What I Learned From My Shower Sex Injury
In hindsight, there were probably smarter places I could have travelled to escape my addictive personality than Eastern Europe. Especially when a recovering junkie can get given a script — no questions asked — for morphine.
I could see the sun beginning to rise on the horizon of the abandoned Templehof Airport in Berlin from the window of our Airbnb. It was a nice change from the dirty backpackers I had been staying in for weeks, which reeked of desperation and Lynx Africa.
I had just polished off my second bottle of cheap Merlot, and was having a shower with a male acquaintance I had picked up at my hostel two nights prior. The bathroom was thick with steam hovering above the polished tiles.
As we soon discovered, shower sex is not as comfortable or convenient as it appears in porn; we were both struggling to find a position without a plug or a tap poking into one of our backs.
I had the great idea to pop a leg out of the shower to give myself more wriggle room, only to glide along the wet floor and smack my foot into the glass screen. Feeling a shrapnel-like pain ricocheting through my leg, I looked down to realise that while two toes remained in place, three were dislocated and hanging sideways like limp biscuits.
In a state of shock – and thankfully numbness from the amount of red wine I had consumed – I let out a loud, “Fuuuuuuuuck!” and decided to Skype my mother for some free medical advice.
“You’re going to have to crack them back in, and then go to the hospital,” she said with panic in her voice.
My friends, both supportive and utterly disgusted, rolled me a joint for the pain and tried to convince me to go to the doctor for a proper examination. However, being a naive 18-year-old with pre-existing addiction problems, I figured ‘she’ll be right’ and instead took a Valium and went to sleep.
Boarding a train to Prague the following morning, the weight of my 65L pack and relapse hanging heavy on my shoulders, I tried to disregard the internal throb that filled me when the crevices of plastic baggies had been licked clean.
After climbing 287 steps to the top of the Prague Castle, the external pain from the night prior had begun to sink in. This was quickly eradicated by a trip to the Absinthe Bar, where we sampled some Green Fairy, and the bud they sold us from behind the counter.
Three caps, two clubs and one horrendous comedown later, I decided I should probably listen to the advice I was receiving from everyone and head to the pharmacy. Within one glance of my swollen and battered blue foot, I was handed a script for endone and codeine.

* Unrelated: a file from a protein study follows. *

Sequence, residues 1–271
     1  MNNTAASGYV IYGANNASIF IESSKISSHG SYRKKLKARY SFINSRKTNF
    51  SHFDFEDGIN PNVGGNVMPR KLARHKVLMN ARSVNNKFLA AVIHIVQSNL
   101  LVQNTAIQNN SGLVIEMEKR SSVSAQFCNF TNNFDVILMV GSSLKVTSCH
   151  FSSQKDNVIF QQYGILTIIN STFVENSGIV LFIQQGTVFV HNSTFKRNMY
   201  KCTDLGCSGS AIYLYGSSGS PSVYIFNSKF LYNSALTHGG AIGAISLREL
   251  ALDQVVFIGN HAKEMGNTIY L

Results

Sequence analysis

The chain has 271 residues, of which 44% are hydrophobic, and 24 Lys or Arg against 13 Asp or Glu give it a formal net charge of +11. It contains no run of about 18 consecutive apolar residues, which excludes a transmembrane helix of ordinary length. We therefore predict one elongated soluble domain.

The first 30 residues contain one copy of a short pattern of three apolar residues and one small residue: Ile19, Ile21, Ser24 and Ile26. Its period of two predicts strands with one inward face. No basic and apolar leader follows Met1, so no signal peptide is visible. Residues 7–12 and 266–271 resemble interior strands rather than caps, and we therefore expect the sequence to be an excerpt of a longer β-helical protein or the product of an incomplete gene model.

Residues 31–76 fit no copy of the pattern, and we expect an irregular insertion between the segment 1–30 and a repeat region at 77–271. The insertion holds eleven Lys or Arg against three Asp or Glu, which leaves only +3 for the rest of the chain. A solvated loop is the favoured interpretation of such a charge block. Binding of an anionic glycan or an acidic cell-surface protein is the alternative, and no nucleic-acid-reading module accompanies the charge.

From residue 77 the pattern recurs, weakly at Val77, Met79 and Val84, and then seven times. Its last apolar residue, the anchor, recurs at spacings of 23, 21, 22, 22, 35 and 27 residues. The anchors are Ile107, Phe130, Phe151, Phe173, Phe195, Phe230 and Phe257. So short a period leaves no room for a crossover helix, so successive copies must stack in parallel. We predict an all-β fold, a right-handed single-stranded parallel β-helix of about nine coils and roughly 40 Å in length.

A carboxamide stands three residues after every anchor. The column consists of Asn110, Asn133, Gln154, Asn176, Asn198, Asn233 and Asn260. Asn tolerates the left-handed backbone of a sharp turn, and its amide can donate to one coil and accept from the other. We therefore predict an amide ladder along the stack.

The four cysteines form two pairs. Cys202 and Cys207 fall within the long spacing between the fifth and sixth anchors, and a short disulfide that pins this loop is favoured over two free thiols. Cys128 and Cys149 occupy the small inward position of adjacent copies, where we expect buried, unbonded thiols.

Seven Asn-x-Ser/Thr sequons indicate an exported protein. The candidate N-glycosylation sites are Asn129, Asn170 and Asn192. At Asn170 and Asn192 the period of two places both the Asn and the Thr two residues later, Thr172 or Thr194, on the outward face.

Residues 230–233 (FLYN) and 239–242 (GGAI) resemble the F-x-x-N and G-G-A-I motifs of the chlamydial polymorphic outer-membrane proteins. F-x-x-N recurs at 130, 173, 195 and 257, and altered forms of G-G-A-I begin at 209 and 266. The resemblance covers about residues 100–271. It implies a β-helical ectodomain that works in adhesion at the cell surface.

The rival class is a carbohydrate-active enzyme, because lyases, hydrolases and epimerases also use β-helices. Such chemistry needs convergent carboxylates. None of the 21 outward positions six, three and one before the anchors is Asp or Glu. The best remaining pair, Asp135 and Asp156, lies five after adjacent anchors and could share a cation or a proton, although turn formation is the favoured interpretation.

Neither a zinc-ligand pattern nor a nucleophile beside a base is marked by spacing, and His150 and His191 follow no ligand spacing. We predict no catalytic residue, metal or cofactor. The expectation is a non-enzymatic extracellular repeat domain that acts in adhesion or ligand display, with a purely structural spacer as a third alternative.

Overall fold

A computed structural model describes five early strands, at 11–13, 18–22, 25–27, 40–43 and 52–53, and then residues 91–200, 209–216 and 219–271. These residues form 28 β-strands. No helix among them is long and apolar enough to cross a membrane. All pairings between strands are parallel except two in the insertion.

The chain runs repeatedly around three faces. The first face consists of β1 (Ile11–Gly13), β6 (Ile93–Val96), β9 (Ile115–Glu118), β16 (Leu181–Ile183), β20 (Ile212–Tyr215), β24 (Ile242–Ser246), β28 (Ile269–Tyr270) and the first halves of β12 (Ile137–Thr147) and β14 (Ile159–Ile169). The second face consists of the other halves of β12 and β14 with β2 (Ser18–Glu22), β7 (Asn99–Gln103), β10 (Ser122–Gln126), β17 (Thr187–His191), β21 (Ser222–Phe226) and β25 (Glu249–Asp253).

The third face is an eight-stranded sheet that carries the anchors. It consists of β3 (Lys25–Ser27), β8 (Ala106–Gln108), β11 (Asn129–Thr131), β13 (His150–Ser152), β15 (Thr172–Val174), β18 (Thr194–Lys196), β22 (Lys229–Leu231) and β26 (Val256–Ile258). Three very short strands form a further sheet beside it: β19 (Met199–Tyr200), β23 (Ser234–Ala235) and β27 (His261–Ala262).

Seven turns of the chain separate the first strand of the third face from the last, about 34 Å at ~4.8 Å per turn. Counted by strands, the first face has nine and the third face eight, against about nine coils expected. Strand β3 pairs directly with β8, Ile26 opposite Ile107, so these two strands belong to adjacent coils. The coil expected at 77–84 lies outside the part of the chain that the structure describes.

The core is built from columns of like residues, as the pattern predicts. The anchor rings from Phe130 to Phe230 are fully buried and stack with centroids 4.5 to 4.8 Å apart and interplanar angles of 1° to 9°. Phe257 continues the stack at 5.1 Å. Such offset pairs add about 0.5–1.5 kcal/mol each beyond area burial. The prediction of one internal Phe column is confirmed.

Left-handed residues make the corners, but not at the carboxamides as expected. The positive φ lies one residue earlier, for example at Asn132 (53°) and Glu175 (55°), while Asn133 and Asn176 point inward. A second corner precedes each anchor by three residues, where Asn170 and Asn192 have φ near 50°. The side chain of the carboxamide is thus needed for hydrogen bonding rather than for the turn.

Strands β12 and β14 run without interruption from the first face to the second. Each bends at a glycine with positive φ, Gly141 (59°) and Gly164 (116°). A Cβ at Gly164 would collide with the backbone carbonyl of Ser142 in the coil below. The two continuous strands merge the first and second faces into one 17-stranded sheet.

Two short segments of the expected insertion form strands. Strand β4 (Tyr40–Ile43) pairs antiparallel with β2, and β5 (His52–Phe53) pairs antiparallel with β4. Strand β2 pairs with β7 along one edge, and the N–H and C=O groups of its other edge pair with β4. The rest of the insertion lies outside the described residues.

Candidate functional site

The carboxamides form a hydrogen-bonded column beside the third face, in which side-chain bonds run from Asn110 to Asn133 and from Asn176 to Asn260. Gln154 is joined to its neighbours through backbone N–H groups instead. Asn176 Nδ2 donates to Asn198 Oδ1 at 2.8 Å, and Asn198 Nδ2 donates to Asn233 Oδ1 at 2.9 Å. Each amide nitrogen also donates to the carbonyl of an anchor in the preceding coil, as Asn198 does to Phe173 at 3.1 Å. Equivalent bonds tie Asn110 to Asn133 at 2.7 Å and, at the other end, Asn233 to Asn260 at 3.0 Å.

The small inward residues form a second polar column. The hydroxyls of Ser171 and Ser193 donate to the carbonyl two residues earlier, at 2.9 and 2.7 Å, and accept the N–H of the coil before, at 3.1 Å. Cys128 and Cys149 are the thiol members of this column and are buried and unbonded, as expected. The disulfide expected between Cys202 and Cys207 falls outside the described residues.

My bad habits will die when I do, I thought to myself.
This was the beginning of my battle with my own ego and the invincibility complex I had adopted after months of consequence-free binge drinking and a reckless attitude toward healing.
Following countless examples of poor-decision making – encouraged by the fellow drunk Australians I had met along the way – backpacking solo had eradicated all of the normal self-care routines and standards I had applied for myself.
Snorting a bag of coke and stealing a segway is a sick idea, Jules, I thought.
By the time I had graduated high school, I had lost over half of my friendship group to incarceration, heroin and suicide. I thought then that chaos was a beautiful thing — that it was spectacular, even, to be dangerous, desirable and dead.
Coming to terms with my friends’ mortality, I had turned to illicit coping strategies to help me with my grief. With alcohol, benzodiazepines and depression having a strong hold over me, I ventured overseas to attempt to escape the grip of addiction.
The three-year struggle had stemmed from being surrounded by Melbourne’s drug culture and death, and the never ending cycle that this entails. Eulogies had replaced speeches at birthday parties and my classmates were making the front-page news.
The weeks that followed my injury were a blur of morphine-fuelled carelessness: buying pills from suspicious men in the town square, rolling between the soiled sheets of men and women and hallucinating at the Torture Museum. Prague – and its one-euro palinka shots – had consumed me.
Rather than confronting the problem I had with drugs or the stress I was putting on my body, I assumed they would dissolve like a tab on my tongue.
It wasn’t until an old friend from home came to visit me in the Czech Republic that the shield I had put up around myself began to show cracks.
“You’re a fucking idiot man,” he said. “Do you really want your friends to go to another funeral this year? If you keep acting like this, you’re gonna go back to Melbourne in a body bag.”
The sting of that hurt much more than dislocating three of my toes. I finally began to see that whilst the effect of my injury and consistent drug use didn’t appear to be harming me, it was, and it was hurting those close to me too.
I thought I was invincible because I was young, cashed up and irresponsible, and I learned the hard way that this was not the case. While I don’t regret anything, except maybe the fairly average root, I have learned how to get loose without it being detrimental to my physical and mental health.
I never anticipated that a shower sex injury would not only cause me to develop an opiod addiction, but would also be the thing that eventually saved me from myself.